The headline for this story says that Texas school districts are “struggling” to deal with requirements of the Affordable Care Act, but there’s not much evidence of actual struggles in the story itself.
Texas school districts are scrambling to meet an Affordable Care Act provision that requires them to offer health insurance to thousands of substitute teachers, bus drivers and other workers who clock at least 30 hours a week.
While many of these workers are already eligible for health insurance, tracking compliance is proving cumbersome for administrators. Compared with traditional employers, school systems rely on more variable-hour workers and follow an unusual calendar.
“It’s kind of a nightmare. It’s extremely complex,” said Holly Murphy, senior attorney for the Texas Association of School Boards, who is touring the state to address school administrators’ questions about the new requirement.
How districts choose to handle the mandate could spell either good or bad news for employees. Some school systems may cap part-time employees’ hours, while others appear to be creating new full-time positions to ease the demand from hourly workers. Both options should make the bookkeeping aspect of compliance prior to the Jan. 1 deadline simpler, officials said.
The Fort Bend Independent School District posted job openings for 74 educational assistants – one at each campus – who will essentially be full-time substitutes eligible for benefits. Those positions should help take pressure off the district’s pool of 1,000 part-time substitutes, administrators said, although the district would still face the increased cost of providing benefits to more employees.
“We basically solved the issue around the Affordable Care Act,” said Kermit Spears, chief human resources officer at Fort Bend ISD.
Groups of suburban and rural school districts are considering creating co-ops that could share and provide benefits for full-time substitutes, Murphy said.
Gayle Fallon, president of the Houston Federation of Teachers, said limiting hours isn’t in the spirit of the law and wouldn’t even be an option in the Houston ISD, which already struggles with substitute shortages.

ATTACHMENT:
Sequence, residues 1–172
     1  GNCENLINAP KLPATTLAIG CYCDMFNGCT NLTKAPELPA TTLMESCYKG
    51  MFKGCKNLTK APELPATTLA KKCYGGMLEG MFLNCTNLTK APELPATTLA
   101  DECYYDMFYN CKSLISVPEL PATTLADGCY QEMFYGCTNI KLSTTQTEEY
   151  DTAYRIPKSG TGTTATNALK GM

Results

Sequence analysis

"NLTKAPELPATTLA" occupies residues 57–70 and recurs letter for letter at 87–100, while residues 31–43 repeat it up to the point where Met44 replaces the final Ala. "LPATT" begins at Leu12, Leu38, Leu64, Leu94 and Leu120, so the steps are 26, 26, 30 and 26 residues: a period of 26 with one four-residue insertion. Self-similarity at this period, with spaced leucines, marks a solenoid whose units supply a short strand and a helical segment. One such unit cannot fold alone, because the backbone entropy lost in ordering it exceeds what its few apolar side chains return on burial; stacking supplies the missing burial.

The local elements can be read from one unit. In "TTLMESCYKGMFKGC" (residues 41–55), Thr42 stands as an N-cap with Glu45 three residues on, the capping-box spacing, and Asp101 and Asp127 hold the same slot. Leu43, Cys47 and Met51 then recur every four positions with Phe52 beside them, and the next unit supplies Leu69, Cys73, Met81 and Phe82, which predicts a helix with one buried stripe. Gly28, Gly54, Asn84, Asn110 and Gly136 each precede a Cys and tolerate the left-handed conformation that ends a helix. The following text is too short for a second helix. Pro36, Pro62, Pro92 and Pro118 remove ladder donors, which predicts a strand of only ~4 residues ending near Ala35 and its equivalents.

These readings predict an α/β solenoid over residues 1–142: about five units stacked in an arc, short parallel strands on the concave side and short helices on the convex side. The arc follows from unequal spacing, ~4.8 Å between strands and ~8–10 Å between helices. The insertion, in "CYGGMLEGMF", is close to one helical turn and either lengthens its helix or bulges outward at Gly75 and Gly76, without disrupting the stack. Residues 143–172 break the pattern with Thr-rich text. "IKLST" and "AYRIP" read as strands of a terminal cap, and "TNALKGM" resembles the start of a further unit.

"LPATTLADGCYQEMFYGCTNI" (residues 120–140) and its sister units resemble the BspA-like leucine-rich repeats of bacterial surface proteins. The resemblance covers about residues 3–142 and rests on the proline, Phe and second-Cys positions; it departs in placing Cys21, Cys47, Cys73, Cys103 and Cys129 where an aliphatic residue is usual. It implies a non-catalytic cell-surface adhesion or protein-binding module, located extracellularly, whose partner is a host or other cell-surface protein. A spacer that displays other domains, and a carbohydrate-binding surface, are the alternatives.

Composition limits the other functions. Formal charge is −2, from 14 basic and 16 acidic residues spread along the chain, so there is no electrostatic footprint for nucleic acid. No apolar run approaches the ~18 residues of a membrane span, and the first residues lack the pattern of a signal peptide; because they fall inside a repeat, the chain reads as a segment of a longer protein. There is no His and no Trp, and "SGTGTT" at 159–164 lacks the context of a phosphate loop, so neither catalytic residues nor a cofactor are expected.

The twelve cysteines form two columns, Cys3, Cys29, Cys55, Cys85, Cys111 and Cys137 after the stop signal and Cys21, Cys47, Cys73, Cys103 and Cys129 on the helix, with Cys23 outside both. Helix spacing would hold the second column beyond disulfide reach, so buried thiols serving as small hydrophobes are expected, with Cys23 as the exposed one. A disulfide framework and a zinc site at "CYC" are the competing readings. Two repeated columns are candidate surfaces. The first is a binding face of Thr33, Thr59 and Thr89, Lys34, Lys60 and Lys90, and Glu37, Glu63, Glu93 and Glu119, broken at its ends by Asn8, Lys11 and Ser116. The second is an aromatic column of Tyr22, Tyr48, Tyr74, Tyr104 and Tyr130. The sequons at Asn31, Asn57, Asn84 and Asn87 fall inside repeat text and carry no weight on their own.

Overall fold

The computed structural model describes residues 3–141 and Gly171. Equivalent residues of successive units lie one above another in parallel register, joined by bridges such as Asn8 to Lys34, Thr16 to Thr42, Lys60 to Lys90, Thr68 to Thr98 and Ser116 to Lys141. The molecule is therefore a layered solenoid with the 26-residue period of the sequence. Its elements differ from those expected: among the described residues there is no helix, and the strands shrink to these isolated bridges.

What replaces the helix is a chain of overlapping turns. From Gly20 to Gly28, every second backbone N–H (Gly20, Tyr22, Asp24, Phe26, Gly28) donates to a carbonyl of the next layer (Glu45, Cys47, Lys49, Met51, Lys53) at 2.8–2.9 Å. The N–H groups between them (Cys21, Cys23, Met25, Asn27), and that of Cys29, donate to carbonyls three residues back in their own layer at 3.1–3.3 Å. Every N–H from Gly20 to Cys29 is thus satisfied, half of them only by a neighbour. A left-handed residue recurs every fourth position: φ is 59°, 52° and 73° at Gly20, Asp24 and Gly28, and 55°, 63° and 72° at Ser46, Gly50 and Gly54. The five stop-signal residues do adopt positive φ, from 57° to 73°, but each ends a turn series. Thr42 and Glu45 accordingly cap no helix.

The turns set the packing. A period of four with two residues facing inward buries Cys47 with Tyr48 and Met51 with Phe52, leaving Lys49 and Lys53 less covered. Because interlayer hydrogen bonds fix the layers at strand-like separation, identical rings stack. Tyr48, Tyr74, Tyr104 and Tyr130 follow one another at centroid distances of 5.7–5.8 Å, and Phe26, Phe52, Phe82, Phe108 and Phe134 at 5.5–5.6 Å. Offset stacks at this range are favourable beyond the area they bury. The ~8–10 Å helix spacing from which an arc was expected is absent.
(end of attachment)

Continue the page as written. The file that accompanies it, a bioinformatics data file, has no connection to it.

“That’s the sort of shoddy behavior we were worried about,” she said.
She applauded the Houston ISD’s move to begin offering this month a basic $5-a-month health insurance plan to employees earning under $25,000 a year.
“HISD did very early compliance,” Fallon said. “We have paraprofessionals and clerks and food service and custodial (employees) who can afford insurance for the first time, and we got told instantly it was the Affordable Care Act that did this.”
Sounds more like “School districts have a variety of options for meeting the requirements that workers’ hours are documented and that everyone who works at least 30 hours per week receives a health insurance plan” to me. Limiting some workers to a maximum of 29 hours per week, which a number of unscrupulous businesses in food service and similar industries have tried to avoid offering health insurance at all, is an option for school districts as well. The vast majority of these employees are already eligible for health insurance under the Teacher Retirement System of Texas, so the situation is very different here. School districts will have to do some more paperwork to be in compliance with the ACA, but if anyone is equipped to deal with paperwork it’s school districts, and the net effect will be that more employees wind up with health insurance. I’m okay with that.